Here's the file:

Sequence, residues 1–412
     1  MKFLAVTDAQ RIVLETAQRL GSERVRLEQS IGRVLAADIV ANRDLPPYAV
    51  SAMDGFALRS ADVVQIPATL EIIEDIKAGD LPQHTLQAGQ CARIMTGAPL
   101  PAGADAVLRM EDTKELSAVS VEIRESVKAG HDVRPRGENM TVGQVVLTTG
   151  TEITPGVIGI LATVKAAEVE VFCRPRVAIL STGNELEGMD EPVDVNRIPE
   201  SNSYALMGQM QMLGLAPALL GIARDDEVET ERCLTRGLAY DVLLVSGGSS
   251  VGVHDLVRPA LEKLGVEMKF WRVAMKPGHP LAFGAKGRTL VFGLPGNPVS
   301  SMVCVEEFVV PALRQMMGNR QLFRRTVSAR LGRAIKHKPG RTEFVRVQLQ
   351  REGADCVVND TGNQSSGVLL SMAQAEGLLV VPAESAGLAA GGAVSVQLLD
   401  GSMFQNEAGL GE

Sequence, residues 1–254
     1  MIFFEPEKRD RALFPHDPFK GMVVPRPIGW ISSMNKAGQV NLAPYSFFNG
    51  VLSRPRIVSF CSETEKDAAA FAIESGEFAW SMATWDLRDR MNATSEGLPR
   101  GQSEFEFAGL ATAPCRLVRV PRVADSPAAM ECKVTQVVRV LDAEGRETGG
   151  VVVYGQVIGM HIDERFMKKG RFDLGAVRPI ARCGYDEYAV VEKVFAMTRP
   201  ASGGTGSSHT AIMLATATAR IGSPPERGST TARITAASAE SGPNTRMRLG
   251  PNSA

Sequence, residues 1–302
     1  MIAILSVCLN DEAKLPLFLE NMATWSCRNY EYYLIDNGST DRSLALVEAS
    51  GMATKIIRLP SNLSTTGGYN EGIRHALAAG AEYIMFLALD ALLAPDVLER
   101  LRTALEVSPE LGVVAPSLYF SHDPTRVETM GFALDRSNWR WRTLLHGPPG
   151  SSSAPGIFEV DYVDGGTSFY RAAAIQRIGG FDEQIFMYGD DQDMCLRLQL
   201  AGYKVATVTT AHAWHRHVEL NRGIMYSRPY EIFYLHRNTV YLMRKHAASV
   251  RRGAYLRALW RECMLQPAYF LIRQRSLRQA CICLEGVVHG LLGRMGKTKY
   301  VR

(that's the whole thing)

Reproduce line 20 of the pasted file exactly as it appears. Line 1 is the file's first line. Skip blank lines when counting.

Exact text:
    51  GMATKIIRLP SNLSTTGGYN EGIRHALAAG AEYIMFLALD ALLAPDVLER